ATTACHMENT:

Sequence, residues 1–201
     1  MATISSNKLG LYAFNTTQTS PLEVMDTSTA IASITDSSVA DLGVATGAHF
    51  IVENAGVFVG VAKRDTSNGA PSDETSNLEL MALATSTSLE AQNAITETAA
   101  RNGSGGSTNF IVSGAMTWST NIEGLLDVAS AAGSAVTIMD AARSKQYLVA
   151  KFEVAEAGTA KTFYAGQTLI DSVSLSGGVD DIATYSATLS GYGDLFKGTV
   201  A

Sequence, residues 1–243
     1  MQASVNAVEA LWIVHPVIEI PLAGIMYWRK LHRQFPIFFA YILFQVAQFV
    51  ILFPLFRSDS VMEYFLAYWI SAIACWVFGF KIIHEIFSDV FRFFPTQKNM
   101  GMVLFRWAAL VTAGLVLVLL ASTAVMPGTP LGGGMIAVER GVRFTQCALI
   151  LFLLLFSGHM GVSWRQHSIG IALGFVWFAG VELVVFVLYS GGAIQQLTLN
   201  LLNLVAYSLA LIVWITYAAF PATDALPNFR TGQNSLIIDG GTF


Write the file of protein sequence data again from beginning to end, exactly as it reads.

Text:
Sequence, residues 1–201
     1  MATISSNKLG LYAFNTTQTS PLEVMDTSTA IASITDSSVA DLGVATGAHF
    51  IVENAGVFVG VAKRDTSNGA PSDETSNLEL MALATSTSLE AQNAITETAA
   101  RNGSGGSTNF IVSGAMTWST NIEGLLDVAS AAGSAVTIMD AARSKQYLVA
   151  KFEVAEAGTA KTFYAGQTLI DSVSLSGGVD DIATYSATLS GYGDLFKGTV
   201  A

Sequence, residues 1–243
     1  MQASVNAVEA LWIVHPVIEI PLAGIMYWRK LHRQFPIFFA YILFQVAQFV
    51  ILFPLFRSDS VMEYFLAYWI SAIACWVFGF KIIHEIFSDV FRFFPTQKNM
   101  GMVLFRWAAL VTAGLVLVLL ASTAVMPGTP LGGGMIAVER GVRFTQCALI
   151  LFLLLFSGHM GVSWRQHSIG IALGFVWFAG VELVVFVLYS GGAIQQLTLN
   201  LLNLVAYSLA LIVWITYAAF PATDALPNFR TGQNSLIIDG GTF